Artists: Anna Borowy, Dominik Butzmann, Kathrin Günter, Arny Schmit, Martin Stommel
September 5th – October 10th 2020, opening reception: September 4th 6 – 9pm
In the upcoming group exhibition „Dodo Dialogues“ janinebeangallery will show the artworks of the five artists Anna Borowy, Dominik Butzmann, Kathrin Günter, Arny Schmit and Martin Stommel as a conceptual juxtaposition of humans and nature. The paintings of the artists Borowy, Schmit and Stommel feature both landscapes and animal figures as motifs albeit entirely sparing any human person. In contrast, the photographies by Dominik Butzmann as well as the collages of Kathrin Günter present humans as main actors, though due to their roles as ecological activists or―in the case of Günter―through their surroundings they are unmissably associated with flora and fauna.
In Arny Schmit‘s landscapes the technique alone very materially reflects disturbances. Schmit uses multilayered cardboard as a carrier for his oil colours, cutting it open at specific spots and mounting a fluorescent tube across above it. His motifs are rather un-idyllic realms, chaotic vegetation and rampant, perilous weather prevail. This atmosphere is created and supported by his deconstructive since ablating wipe technique which repeatedly skews and crosses shapes and layers of paint. The mentioned mounted fluorescent tubes on some of his works contrast strongly, encumbering the painted landscape with an epitome of industry and civilisation.
Animals only own the foreground in the paintings for the exhibition by Martin Stommel. The fluent shapes of animal bodies are dynamically interwoven with one another and an organic background. The animals are densely graduated into the pictorial space, their outlines are partially merged, still the painter accomplishes to express and emphasize the bodies and their movements by a reduced and concentrated application of colour. The works „Day 6“ and „Der kleine Garten“ („The Little Garden“) are derived from biblical themes, namely Genesis and paradise. Different to its classic models though, Stommel provides no depiction of the creator himself in humanoid guise. The animals― in the case of „Der kleine Garten“ extincted ones only―stick with their kind and are the self-sufficient splendour of the artworks.
In the paintings for the exhibition by Anna Borowy animals are also the sole protagonists and get along without humans. Their expression and stance of her creatures however feature astonishing and familiar human traits, emphasizing the soulfulness of Borowy‘s fauna. Her graceful creatures appear as moved by emotions, their condition is both physically and spiritually precarious. The painter however didn‘t set animals as mere placeholders for human characters but depicted them as beings of intrinsic value, respectively as animistic complements.
The collages of Kathrin Günter have in terms of content addressed diverse agents of environmentalism. For these „portraits“ of persons like Leonardo Di Caprio, Greta Thunberg or Jason Momoa the artist employed digital pieces of images from their Instagram accounts and combined these with pictorial elements of animals to a new fabric. The result are hybrid avatars of humans and animals outfitted with the symbols and gesture of their ecological commitment and positioned in front of a threatening background of forces of nature. Here the depicted personalities ambivalently and ironically reveal their strengths and weaknesses.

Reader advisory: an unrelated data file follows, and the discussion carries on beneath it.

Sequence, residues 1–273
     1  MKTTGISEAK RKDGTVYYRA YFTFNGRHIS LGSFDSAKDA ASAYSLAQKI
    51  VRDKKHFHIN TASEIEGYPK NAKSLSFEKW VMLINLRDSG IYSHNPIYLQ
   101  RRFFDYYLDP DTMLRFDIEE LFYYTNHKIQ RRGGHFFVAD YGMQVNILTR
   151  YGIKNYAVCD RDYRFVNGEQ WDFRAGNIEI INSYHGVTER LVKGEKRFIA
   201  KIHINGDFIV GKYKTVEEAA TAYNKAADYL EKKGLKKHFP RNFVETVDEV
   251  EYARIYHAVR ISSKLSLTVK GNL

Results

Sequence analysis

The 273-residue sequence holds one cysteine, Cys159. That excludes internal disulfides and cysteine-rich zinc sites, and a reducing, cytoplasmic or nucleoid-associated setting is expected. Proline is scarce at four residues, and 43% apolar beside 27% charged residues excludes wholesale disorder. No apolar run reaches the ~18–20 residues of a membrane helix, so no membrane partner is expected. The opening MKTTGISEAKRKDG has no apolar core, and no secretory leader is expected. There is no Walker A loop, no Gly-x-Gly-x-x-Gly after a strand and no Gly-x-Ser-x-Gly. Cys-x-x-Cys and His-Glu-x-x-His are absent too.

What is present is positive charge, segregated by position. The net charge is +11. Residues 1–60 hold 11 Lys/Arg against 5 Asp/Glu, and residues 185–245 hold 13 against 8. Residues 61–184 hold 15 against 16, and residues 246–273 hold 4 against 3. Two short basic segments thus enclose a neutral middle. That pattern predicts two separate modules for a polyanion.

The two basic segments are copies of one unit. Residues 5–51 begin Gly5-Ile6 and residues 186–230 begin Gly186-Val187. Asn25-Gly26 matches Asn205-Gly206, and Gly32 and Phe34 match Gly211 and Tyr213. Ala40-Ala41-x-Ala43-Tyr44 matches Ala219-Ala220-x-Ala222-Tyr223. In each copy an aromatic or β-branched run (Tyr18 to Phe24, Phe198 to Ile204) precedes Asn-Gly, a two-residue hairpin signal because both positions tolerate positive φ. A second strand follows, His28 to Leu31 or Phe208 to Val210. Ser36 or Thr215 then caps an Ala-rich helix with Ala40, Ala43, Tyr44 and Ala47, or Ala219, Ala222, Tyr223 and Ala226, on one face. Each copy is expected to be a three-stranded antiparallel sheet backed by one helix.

Kathrin Günter also reflects the potency of selfexpression and the cult of personality as a common projection in the social media. In this context in particular Günter has compiled a book with thousands of printed comments taken from the Instagram account of Greta Thunberg. Especially the reactions on her person illustrate the Janus-faced character and the abysses of social media: on the one hand in their capacity as very potent amplifiers and transmitters of a movement, on the other hand as a reservoir of human malice.
The photography by Dominik Butzmann of a crowd within a rally of „Fridays for Future“, with a group of participating children in the center, documents the immediate protagonists of this movement. Through this snapshot the spectator gains insight into a peaceful event, whose initiators and most important supporters remarkably are youths, signifying sincerity and candour. With all scepticism―justified or not―or even reluctance the viewer may have towards the „Fridays for Future“ movement, Butzmann‘s photography provides an opportunity for a recalibration of the perspective at least on the motifs and attitude of theses demonstrators – which is particularly relevant in times in which most parts of society take primarily divisive and confrontational stands regarding certain political topics.
Though the subjects of the paintings of the exhibition are entirely and independently effective, the lack of depictions of humans is striking, albeit the traces and implications of human influence are manifest. The artworks realise the beauty and vulnerability of nature as well as empathy with the creature. This implies an answer to anthropocentrism, which can also be understood as a root cause for the negligient handling of nature. The photos and collages of the exhibition endorse the criticism of human hybris, although from a different angle. Here it‘s the authentically admonishing children of „Fridays for Future“ on one side and on the other are celebrities accompanied by animal avatars, commited to environmentalism discreetly or by the cult of their personalities. But the collages also reflect human vanity and impulse, which may still pose a hindrance for sheer altruism. As an ensemble and by the inherent or obvious juxtaposition of nature and mankind the works of the exhibition „Dodo Dialogues“ emphasize the necessary realisation of the symbiosis, in which both are situated.